Metatarsalgia

Metatarsalgia, or ball of foot pain, is diagnosed and treated by the GI Division of Premier Medical Group.

What is metatarsalgia?

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Metatarsalgia is the medical term for pain and inflammation in the ball of the foot. Rather than describing a specific condition, metatarsalgia is an umbrella term for symptoms that can have varied causes. People experiencing this generally feel pain in the padding directly below the toes. This point marks the metatarsal heads, or the joints present just under the toes. The term can describe numbness, shooting pain, and/or soreness, especially when flexing the toes. In generally, injuries to the balls of feet are common in athletes and those who spend a lot of time on their feet.

What causes the pain in the ball of the foot?

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This pain is generally the result of excessive walking and running. Metatarsalgia is an overuse injury, and the condition is often due to abnormal weight distribution, persistent pressure on the area, and other musculoskeletal stressors. All causes result in excessive, localized pressure on the forefoot, which creates the pain in the ball of the foot.

Many conditions and habits can lead to ball of foot pain, including high levels of activity, prominent metatarsal heads, weak toe flexor muscles, tight toe muscles, a tight Achilles tendon, ill-fitting footwear, and excessive pronation, which is the side-to-side movement of the foot when walking or running.

However, experiencing pain in the ball of the foot is not always the result of physical activity. Sometimes, inherited anatomical conditions may predispose people to metatarsalgia. This may include having a high arch, a Hammertoe deformity, a short first metatarsal bone, or a long second metatarsal bone. Any of these conditions can affect weight distribution across the foot.

This pressure and weight distribution causes inflammation, which in turn causes the foot pain. Blood vessels in the ball of the foot dilate, and blood flow increases to allow white blood cells to swarm the injured area. In some cases, the forefoot will become red or swollen.

What are the symptoms of metatarsalgia?

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Ball of foot pain can manifest differently depending on the cause. Symptoms often include a sharp, aching, or burning pain in the forefoot, especially in the part of the sole just behind your toes. Metatarsalgia can also feel like a sharp or shooting pain, numbness, or tingling in the toes, or like having a pebble in your shoe. In most cases, the pain in the balls of a person’s feet generally appears over a period of several months.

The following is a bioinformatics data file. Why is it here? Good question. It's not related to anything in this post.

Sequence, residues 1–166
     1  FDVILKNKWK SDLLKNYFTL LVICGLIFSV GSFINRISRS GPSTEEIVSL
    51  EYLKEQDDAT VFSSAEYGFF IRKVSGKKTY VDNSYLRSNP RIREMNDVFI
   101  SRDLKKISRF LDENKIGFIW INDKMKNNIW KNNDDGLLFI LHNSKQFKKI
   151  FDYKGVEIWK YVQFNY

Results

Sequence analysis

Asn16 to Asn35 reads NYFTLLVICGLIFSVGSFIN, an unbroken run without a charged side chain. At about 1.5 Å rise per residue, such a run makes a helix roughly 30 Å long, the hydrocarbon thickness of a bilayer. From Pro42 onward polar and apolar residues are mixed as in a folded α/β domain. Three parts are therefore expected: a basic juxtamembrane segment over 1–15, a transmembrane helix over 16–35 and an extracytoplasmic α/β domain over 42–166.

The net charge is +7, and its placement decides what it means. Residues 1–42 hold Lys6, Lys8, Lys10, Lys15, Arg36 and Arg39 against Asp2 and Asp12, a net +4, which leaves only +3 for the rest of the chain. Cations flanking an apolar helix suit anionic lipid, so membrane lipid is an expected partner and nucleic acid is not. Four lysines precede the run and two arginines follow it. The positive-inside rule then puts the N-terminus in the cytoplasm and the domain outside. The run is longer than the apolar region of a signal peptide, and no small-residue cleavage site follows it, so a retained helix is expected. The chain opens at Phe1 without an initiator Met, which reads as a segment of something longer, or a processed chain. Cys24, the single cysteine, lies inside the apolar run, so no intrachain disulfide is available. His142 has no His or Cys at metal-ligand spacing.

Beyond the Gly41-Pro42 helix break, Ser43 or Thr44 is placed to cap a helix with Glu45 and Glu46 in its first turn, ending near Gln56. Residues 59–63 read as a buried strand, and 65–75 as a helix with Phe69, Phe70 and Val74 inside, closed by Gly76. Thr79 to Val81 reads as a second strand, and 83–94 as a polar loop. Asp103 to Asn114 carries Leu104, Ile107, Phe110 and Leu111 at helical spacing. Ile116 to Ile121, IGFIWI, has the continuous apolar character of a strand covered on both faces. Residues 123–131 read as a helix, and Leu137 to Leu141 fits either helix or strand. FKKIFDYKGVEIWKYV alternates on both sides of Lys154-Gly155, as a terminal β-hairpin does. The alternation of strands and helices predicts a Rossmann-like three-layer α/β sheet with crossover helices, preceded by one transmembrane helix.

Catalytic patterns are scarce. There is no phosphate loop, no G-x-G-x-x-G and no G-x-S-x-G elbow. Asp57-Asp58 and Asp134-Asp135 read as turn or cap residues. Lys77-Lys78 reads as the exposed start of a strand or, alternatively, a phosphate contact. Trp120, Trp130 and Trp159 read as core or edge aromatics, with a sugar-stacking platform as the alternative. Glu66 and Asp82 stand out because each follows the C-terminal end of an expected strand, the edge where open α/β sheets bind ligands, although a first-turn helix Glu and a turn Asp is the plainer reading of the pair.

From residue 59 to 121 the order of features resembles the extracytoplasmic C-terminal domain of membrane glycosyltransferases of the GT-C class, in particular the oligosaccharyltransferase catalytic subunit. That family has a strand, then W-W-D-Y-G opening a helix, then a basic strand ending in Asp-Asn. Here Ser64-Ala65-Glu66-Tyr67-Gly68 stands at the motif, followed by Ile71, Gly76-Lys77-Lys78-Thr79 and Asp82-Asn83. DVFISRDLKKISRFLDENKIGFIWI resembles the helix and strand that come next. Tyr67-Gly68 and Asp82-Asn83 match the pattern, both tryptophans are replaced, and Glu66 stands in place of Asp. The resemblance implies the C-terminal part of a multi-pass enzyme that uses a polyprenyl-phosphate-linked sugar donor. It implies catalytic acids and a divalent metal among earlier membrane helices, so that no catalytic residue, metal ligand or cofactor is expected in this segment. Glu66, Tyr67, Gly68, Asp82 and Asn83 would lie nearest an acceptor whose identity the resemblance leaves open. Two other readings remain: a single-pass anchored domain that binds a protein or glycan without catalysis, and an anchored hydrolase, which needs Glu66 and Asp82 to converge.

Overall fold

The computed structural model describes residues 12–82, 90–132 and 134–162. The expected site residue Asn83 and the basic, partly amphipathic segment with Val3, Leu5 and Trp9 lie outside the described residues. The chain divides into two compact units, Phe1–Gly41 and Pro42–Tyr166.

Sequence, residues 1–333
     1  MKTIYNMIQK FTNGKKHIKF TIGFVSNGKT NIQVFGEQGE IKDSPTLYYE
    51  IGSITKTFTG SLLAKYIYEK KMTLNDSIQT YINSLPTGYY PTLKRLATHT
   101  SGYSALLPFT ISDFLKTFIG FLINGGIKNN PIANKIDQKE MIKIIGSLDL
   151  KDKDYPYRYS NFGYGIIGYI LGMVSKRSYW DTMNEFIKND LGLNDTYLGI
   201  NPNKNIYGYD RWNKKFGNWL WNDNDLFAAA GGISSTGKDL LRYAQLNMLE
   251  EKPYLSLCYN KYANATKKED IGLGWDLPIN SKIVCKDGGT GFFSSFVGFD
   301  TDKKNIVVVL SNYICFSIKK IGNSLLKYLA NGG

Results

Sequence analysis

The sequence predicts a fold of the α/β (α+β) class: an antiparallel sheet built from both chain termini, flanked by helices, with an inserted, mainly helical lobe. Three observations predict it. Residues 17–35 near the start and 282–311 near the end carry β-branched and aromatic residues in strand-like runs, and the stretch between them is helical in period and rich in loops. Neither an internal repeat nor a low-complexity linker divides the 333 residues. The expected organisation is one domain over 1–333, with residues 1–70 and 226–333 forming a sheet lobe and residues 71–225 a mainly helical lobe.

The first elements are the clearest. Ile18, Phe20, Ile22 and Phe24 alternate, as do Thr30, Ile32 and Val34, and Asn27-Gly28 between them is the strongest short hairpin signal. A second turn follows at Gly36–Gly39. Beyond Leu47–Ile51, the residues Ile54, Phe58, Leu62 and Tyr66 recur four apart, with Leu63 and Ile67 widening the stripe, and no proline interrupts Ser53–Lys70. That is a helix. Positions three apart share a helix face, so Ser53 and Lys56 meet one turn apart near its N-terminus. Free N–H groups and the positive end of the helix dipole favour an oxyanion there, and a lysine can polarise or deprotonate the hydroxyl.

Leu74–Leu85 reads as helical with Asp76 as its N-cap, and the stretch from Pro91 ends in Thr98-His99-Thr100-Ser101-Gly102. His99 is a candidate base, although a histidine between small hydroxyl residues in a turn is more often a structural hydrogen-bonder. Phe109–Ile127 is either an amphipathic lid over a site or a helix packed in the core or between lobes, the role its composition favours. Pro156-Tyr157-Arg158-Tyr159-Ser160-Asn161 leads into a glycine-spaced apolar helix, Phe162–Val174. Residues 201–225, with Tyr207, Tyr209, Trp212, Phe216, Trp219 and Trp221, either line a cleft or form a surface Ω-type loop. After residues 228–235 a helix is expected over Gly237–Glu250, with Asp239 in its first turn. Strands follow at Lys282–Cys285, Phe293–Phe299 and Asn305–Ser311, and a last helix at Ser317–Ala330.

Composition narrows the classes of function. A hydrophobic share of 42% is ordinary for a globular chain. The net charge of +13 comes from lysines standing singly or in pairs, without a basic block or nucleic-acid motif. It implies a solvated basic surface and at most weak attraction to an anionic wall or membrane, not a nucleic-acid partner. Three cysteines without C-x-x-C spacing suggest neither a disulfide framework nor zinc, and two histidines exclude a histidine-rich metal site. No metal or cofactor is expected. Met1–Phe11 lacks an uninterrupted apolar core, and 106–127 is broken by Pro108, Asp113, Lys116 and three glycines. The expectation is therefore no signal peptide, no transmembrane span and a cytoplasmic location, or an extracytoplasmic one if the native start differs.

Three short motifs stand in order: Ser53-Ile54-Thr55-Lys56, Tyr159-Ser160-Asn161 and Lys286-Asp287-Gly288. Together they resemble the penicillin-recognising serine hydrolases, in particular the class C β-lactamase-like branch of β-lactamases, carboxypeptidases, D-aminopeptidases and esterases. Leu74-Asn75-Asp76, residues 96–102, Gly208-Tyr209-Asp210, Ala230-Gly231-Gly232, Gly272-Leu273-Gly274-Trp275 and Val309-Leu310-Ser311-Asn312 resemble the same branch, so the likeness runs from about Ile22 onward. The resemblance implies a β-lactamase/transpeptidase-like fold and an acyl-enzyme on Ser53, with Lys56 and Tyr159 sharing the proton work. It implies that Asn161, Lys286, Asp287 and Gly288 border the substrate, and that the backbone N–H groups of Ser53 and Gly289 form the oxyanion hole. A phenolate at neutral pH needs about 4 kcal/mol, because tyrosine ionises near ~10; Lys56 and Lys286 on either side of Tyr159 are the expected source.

A tell-tale sign of metatarsalgia is that the pain worsens and improves with varied activity. With this type of injury, the inflammation, or pain, should decrease when resting and increase when you stand, walk, or flex your feet.

What are the risk factors for metatarsalgia?

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People who sustain this forefoot injury are often physically active. This includes runners, swimmers, walkers, and/or people who spend a lot of time on their feet. Those who weigh more are also at risk for developing metatarsalgia. Body weight transfers to the forefoot when we move and added weight puts more pressure on the foot bones.

Certain genetic conditions can also put a person at risk of developing this type of foot pain. Certain foot shapes, such as having a high arch or a hammertoe, can add pressure to foot and toe bones. Morton’s neuroma, a noncancerous growth around a nerve in the toes, and inflammatory arthritis can cause symptoms similar to metatarsalgia and contribute to the pain.

In addition to lifestyle and genetic risk factors, ill-fitting footwear is a frequent cause of ball of foot pain, specifically high heels. These shoes transfer extra weight to the front of the foot. Shoes with a narrow tow box, or shoes that lack sufficient support and padding, can also cause metatarsalgia.

What are the home remedies and ways to prevent metatarsalgia?

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Preventing pain in the balls of the feet may require a lifestyle change. Endurance and high-activity athletes should incorporate rest days each week to give the feet time to heal properly. Icing the feet in 20-minute intervals after especially long or intense runs can also aid in prevention. If you are at risk of developing metatarsalgia, consider purchasing orthotic or commercial shoe inserts, which can help align the foot and provide extra cushioning.